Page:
From Babysitter to Cabinet Speechwriter
This week we spoke with Jenifer Sarver, Chief of Staff to Karen Hughes – the Global Vice Chair of Burson-Marsteller. Jenifer has an incredible talent for knowing exactly what to say to get the point across, whether it be to her younger brothers or powerful CEOs. Her determination coupled with practiced skill and valuable experience has made her quite an accomplished Bossy Lady! Jenifer shares with us the real struggle of maintaining a work/life balance and the benefit of reading good books all while challenging us to be the strong, assertive women that we have every right to be.
1. What was your first job and how did you end up writing speeches?
My first job was babysitting my three younger brothers. It has been pivotal in my career in politics and communication as I had to become adept at the art of negotiation, compromise and delegation – and learning how to clean up other people’s messes. My first professional job (which is probably what you’re really asking) was an important stepping stone to my current role in public affairs. It was in the 1996 election cycle where I was privileged at a very young age to serve as a deputy campaign manager for a woman who was running for Congress in Fort Worth, Texas. I learned a lot of important lessons in that first job and one of the most important was how hard most elected officials work for the privilege of representing us. On that campaign I walked with the candidate to nearly 2,000 homes, knocking on doors and shaking hands. It was retail politics at its best and it was a great boot camp for someone interested in learning more about campaigns, politics and the political process.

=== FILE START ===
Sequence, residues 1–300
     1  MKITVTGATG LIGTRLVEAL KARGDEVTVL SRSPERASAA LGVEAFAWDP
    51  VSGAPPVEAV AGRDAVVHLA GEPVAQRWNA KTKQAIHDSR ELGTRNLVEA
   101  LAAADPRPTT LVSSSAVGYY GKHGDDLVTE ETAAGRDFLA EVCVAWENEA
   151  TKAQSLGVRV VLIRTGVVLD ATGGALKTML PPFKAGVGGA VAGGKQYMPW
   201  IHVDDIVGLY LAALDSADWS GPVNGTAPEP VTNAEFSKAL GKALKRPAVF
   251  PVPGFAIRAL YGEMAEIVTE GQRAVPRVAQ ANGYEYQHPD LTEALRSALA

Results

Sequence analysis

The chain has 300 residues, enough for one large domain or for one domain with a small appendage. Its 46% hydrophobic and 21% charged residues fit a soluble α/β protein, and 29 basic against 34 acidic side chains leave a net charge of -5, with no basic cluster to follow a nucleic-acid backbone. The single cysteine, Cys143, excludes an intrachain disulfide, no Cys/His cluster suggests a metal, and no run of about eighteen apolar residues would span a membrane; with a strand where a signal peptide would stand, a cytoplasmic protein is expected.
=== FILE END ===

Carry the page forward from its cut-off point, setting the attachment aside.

After that campaign I worked on another race as finance director, ultimately went back to undergrad to finish my degrees in public relations and speech communication, and then landed at a high tech public relations firm in Austin.
I ended up speechwriting because I quit my job in Austin and moved to Washington, D.C. in September 2001, three weeks after September 11. I was passionate about exploring politics and public service and knew I wanted to be in the epicenter of our democracy—and I wasn’t going to let the terrorist attacks deter me. I moved up jobless and relatively penniless. I got a job at Ann Taylor and pounded the pavement, walking the halls of Capitol Hill to share my resume with anyone who would have it. Luckily, someone did and gave me an opportunity. My gumption got me in the door; my political and communications experience, coupled with my Texas pedigree, got me the interview; but my writing skills and political acumen helped me land the job as Senator Kay Bailey Hutchison’s speechwriter. I was wildly privileged to serve in that role for nearly three years, and felt everyday that I was serving the people of Texas and playing a small role in something much larger and more important than myself.
2. Looking back now, if you could give one piece of advice to yourself in your early 20s what would it be?
I’ve been fortunate to pave a path that I have been very proud of, and I wouldn’t change a thing. I was blessed to have wonderful mentors and managers who were supportive of my professional career early on, and if anything, I would tell younger self to more intentionally seek out their wisdom and advice. It is easy when you have early success to think that you know it all. You don’t. And the humility and insight to know that there are others from whom you can learn will help ensure greater success later on. I would also say that there is no such thing as “work/life balance” – it’s a daily struggle and continues to be, but I would prioritize myself a little more – body, spirit and mind. And I would spend more time with my family. I lost my mother unexpectedly nearly four years ago and I miss her every day. I would give anything for one more shopping trip or conversation over coffee. The times I skipped out on being with her or talking to her to do something far less important, I regret.
3. What made you realize you could write speeches for incredible people?